Ministry of Media rejects UEFA’s ‘irresponsible accusations’ of BeoutQ being based in Saudi Arabia

The Ministry of Media unequivocally rejected, what it called, UEFA’s baseless claim that BeoutQ ‘is based in Saudi Arabia.’ (BeoutQ screenshot)
Updated 23 June 2018
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Ministry of Media rejects UEFA’s ‘irresponsible accusations’ of BeoutQ being based in Saudi Arabia

  • The Ministry of Media said it understands that BeoutQ’s set top boxes are available in many places, including Qatar and Eastern Europe. Moreover, UEFA’s irresponsible statement is contrary to what is occurring in the Kingdom of Saudi Arabia.
  • The Ministry of Media was informed that beIN Sports was the source of UEFA’s reckless allegation. beIN Sports is a subsidiary of the Al Jazeera Media Network (Al Jazeera). KSA banned Al Jazeera’s broadcasts in KSA, beginning in June 2017.

JEDDAH: The Ministry of Media says it has become aware of irresponsible accusations made in a UEFA press release regarding an entity known as BeoutQ. UEFA baselessly claims that BeoutQ “is based in Saudi Arabia.”

The Ministry of Media unequivocally rejects this claim. The Ministry of Media said it understands that BeoutQ’s set top boxes are available in many places, including Qatar and Eastern Europe. Moreover, UEFA’s irresponsible statement is contrary to what is occurring in the Kingdom of Saudi Arabia (KSA).

Through its Ministry of Commerce and Investment, KSA has relentlessly combatted BeoutQ’s activities within the country. For instance, the Ministry of Commerce has seized thousands of set-top boxes that would otherwise be used to violate intellectual property (IP) in KSA.

The Government of Saudi Arabia is and will remain devoted to protecting IP rights within the country. The Ministry of Media was informed that beIN Sports was the source of UEFA’s reckless allegation. beIN Sports is a subsidiary of the Al Jazeera Media Network (Al Jazeera). KSA banned Al Jazeera’s broadcasts in KSA, beginning in June 2017.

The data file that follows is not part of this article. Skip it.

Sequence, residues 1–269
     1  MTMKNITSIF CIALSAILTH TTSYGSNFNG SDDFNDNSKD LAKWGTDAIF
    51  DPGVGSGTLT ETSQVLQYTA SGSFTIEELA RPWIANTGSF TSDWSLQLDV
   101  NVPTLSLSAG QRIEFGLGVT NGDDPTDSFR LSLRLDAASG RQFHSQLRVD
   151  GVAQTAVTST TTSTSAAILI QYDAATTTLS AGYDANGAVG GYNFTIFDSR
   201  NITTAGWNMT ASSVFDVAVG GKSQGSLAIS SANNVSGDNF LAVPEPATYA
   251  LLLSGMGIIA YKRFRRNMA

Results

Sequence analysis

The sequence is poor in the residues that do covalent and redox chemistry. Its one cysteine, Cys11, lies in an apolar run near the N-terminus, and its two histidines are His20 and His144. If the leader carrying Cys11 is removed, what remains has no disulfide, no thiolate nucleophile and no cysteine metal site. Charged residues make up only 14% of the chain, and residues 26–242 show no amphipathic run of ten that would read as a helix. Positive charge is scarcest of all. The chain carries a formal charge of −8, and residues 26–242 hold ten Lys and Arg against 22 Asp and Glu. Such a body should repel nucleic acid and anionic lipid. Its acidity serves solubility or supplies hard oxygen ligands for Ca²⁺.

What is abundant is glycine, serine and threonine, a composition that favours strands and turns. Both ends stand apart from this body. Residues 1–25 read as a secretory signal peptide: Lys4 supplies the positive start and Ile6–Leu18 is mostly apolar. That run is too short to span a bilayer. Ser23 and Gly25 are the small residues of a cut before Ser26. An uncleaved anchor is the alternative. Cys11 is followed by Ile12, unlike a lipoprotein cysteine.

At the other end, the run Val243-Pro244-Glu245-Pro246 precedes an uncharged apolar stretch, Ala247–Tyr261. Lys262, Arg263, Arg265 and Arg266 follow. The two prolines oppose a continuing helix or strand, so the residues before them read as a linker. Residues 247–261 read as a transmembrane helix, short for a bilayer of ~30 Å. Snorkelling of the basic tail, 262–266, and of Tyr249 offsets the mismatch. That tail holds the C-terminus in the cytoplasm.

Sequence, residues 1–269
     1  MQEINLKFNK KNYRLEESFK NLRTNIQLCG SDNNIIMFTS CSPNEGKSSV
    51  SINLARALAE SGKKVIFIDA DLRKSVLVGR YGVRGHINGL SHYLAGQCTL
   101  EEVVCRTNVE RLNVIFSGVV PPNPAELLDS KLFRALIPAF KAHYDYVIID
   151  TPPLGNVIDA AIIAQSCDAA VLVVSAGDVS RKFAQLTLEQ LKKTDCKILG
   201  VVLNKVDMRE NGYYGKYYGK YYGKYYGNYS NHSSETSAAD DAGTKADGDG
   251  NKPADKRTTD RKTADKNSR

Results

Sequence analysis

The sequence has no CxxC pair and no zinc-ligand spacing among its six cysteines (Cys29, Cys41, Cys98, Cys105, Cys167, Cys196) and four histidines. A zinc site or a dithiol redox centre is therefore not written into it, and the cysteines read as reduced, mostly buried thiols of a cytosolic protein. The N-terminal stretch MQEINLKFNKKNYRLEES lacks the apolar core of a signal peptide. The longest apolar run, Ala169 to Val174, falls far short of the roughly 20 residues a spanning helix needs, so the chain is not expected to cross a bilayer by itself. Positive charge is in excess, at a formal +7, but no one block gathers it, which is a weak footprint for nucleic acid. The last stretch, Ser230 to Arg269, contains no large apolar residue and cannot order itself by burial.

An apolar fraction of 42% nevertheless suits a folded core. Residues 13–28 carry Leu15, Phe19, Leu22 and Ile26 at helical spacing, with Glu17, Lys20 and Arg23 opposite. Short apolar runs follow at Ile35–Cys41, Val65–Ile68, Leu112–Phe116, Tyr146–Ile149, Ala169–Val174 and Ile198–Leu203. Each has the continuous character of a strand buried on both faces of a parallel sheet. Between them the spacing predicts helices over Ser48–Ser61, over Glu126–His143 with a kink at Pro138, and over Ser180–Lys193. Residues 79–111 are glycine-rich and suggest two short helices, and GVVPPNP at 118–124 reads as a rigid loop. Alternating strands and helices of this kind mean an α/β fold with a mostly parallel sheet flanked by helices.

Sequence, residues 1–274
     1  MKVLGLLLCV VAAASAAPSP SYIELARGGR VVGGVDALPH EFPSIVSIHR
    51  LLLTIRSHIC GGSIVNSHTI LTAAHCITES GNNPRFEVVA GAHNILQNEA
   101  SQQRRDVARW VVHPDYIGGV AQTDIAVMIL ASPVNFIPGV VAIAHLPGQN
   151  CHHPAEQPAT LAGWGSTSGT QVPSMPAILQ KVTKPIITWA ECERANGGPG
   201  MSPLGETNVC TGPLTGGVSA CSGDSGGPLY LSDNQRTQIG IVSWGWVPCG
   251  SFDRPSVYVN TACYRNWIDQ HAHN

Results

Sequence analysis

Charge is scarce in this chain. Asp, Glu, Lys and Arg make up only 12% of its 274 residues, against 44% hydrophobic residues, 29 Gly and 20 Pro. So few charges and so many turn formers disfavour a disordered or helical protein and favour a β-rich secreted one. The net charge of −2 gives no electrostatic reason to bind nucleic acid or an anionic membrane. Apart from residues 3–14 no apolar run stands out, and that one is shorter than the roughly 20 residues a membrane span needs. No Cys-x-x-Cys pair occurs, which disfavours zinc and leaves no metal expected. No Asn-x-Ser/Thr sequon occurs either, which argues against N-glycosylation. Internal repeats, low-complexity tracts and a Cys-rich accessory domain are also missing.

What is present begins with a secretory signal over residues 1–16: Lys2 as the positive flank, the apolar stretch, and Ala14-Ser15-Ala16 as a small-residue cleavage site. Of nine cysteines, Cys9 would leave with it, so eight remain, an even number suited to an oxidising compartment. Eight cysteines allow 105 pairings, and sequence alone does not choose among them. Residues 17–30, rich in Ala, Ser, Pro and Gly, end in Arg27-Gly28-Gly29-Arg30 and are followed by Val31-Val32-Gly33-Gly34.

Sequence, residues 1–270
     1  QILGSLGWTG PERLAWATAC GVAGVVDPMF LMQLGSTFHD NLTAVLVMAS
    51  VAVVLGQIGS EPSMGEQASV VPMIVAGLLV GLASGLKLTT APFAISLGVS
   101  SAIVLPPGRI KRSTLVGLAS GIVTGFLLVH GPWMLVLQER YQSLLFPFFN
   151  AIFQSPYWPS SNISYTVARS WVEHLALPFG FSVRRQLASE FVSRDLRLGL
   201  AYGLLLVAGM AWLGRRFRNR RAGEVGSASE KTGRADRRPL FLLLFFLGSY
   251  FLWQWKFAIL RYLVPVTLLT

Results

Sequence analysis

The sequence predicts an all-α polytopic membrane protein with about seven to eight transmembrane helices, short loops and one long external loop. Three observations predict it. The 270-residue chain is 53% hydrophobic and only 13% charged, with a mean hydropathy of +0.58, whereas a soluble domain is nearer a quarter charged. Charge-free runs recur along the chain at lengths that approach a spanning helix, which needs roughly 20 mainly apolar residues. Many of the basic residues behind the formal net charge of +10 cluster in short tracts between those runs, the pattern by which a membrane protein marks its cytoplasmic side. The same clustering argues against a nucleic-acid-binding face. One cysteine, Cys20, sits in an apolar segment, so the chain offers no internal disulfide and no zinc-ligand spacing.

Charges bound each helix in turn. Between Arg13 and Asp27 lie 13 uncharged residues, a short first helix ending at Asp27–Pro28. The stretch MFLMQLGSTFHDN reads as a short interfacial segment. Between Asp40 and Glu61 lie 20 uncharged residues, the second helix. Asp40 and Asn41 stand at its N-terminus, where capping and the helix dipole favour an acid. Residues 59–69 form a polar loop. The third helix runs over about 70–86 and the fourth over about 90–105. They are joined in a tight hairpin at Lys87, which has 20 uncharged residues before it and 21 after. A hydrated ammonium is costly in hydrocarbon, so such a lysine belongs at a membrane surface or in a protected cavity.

Al Jazeera is Qatar’s principal media arm for supporting terrorism and promoting instability in the region. Al Jazeera provides a media platform for terrorists to propagate their violent message. KSA has also banned broadcasts by beIN Sports in Saudi Arabia for the same reason.

Al Jazeera’s response to the ban was to escalate its campaign of defamation against KSA. While beIN Sports’s broadcasts, too, have long been used as vehicles for offensive anti-Saudi invective, beIN Sports has amplified its offensive propaganda during the World Cup 2018 — which is ironic because the World Cup is supposed to be a demonstration of how football can bring nations together in harmony.

During the World Cup, beIN has defamed the Saudi Football Federation, insulted Saudi Arabia and its fans and has politicized the World Cup platform in violation of all rules and codes of conduct. For these reasons Al Jazeera and its subsidiary beIN, will never broadcast in Saudi Arabia.

The Ministry of Media accordingly urges that responsible news organizations view the reckless press release by UEFA, as well as beIN Sports’ other unsubstantiated allegations, with suspicion.


Google Doodle remembers discovery of Egyptian Khufu Ship

Updated 26 May 2019
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Google Doodle remembers discovery of Egyptian Khufu Ship

  • The ship is believed to have been built for Khufu, the second pharaoh of the fourth dynasty of the Old Kingdom of Egypt
  • Over 1,200 pieces were reassembled by the Egyptian Department of Antiquities in order to restore the ship

DUBAI: Today’s Google Doodle marks the 65th anniversary of the discovery of the Khufu Ship, one of the world’s oldest and largest boats, found in Egypt.

The ship, now preserved in the Giza Solar Boat Museum, is believed to have been built for Khufu, the second pharaoh of the fourth dynasty of the Old Kingdom of Egypt, who is entombed inside the Great Pyramid of Giza.

Unearthed in 1954 by archeologist Kamal El-Mallakh, remnants of the massive ship were found buried under a stone wall on the south side of the pyramid.

Over 1,200 pieces were reassembled by the Egyptian Department of Antiquities in order to restore the 143-feet long, 19.6-feet wide vessel. The whole process took over a decade to finish.

It’s still unclear what the ship was originally intended for – some experts say it was used to transport Khufu’s remains to his final resting place, while others believe it was placed at the location to transport him to the afterlife, according to Ancient Egyptian tradition.

Some experts suggested that the ship might contain clues to the construction of the pyramids, which still causes debate among scholars.